Can the United States Deter Commercial Cyberespionage?
Military espionage has proven to be an enduring feature of the nation-state system.1 Cyberspace added a new dimension to a very old craft without changing its essential nature. The United States and most advanced countries sharply distinguish between military cyberespionage on the one hand and commercial cyberespionage on the other. In the US view, deterring military espionage, whether through cyberspace or other means, is solely a task for the target nation and its military allies; however, deterring commercial cyberespionage should be a common task for all nations engaged in commercial exchange. China refuses to draw a distinction between military and commercial cyberespionage, and some other countries may share China’s views—especially in the wake of Edward Snowden’s revelations about the wide scope of surveillance by the US National Security Agency (NSA).
Cyberhacking shares the same technology as cyberespionage but with different objectives. The core goal of cyberhackers is “gotcha,” both through public disclosure of a target company’s confidential data on millions of customers and thousands of employees and by mining customer data to fraudulently draw on credit cards and bank accounts. The core goal of cyberespionage is to capture the target company’s trade secrets for commercial advantage. Sometimes core goals overlap, as for example when a company like Boeing is targeted.
Cyberhacking generally draws more public notice than cyberespionage, simply because millions of people are immediately affected and because perpetrators of cyberhacking crave publicity, while perpetrators of cyberespionage almost always seek to operate in the dark.
In 2014, prominent cyberhacking attacks hit Target, Google, Boeing, and Sony Pictures (see table 1). In a sensational case, hackers (almost certainly based in North Korea) intimidated Sony Pictures to cancel the release of The Interview by threatening terror attacks against US movie theaters. This incident not only inflicted severe costs on Sony Pictures but also alarmed US national security officials.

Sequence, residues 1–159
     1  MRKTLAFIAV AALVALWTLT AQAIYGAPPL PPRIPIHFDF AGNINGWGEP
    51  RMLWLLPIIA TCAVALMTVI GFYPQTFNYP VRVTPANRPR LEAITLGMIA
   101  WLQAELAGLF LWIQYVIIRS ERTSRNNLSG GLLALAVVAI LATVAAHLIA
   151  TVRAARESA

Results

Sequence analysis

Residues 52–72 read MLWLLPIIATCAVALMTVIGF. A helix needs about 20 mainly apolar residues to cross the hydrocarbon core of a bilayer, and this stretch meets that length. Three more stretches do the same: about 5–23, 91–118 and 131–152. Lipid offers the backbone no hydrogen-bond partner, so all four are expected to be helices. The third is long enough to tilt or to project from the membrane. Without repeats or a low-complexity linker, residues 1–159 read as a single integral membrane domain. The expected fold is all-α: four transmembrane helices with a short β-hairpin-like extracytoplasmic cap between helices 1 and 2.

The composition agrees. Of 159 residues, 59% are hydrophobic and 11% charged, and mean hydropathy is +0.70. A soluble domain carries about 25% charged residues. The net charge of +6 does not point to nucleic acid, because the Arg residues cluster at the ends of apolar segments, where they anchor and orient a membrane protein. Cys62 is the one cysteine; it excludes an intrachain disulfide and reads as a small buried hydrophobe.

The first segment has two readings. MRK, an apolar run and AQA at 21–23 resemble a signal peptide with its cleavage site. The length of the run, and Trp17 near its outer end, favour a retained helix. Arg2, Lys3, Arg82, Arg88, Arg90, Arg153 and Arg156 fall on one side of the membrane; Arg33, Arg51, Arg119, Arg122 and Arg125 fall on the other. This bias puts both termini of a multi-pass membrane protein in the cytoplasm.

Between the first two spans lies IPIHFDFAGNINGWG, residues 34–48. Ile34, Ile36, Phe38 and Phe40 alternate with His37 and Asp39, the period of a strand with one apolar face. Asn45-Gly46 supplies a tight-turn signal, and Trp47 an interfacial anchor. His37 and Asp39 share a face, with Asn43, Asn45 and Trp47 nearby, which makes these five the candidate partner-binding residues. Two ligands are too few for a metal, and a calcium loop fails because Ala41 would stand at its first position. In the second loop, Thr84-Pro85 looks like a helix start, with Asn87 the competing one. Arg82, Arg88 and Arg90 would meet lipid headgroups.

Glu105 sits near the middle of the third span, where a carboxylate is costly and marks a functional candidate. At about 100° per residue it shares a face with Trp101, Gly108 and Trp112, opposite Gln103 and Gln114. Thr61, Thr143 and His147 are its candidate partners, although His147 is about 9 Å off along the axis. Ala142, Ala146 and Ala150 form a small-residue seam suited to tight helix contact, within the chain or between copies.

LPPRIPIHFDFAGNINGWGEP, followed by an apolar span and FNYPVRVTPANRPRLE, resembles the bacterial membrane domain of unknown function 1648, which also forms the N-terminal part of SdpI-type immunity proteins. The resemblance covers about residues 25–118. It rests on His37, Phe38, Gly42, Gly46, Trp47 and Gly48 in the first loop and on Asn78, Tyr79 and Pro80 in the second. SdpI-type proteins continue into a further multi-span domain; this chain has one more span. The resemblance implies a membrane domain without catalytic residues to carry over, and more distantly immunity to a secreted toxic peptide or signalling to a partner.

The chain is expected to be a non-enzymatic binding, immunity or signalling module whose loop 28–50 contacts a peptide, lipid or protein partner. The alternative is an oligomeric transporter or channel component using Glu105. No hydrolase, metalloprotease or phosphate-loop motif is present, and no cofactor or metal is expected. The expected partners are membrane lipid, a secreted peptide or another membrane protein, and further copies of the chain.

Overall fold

Fewer cyberespionage cases have been reported (some are listed in table 1), both because they embarrass the target company and because the perpetrator has no interest in disclosure. But among business circles, deterring cyberespionage has become equally as important as deterring hackers. Moreover, while cyberhacking is often the handiwork of isolated computer geeks or rogue nations (like North Korea), cyberespionage is usually sponsored by a company or country seeking commercial advantage and thus more feasibly subject to international discipline.
|Table 1 Cyberattacks on US companies reported in 2014|
|January||Target Neiman Marcus Yahoo!||Contact information hacked for 70 million customers; Credit card information hacked for 350,000 customers||Retail|
|April||AT&T||Credit and debit card information, including social security numbers, hacked for millions of customers||Communications|
|May||eBay Westinghouse Electric, US subsidiaries of SolarWorld AG, United States Steel Corporation, Allegheny Technologies, Alcoa, and United Steelworkers||Employee log-in information hacked; The US Department of Justice charged five Chinese military officers of Unit 61398 with hacking into US company servers and stealing trade secrets||Retail, Energy and utilities, Manufacturing, Unions|
|June||Feedly Evernote||Blocked access for 15 million users; Blocked access for 100 million users||Communications, Technology|
|August||US Investigation Services Boeing||Employee information hacked; Chinese national Su Bin charged with hacking defense companies and stealing manufacturing plans||Services, Defense|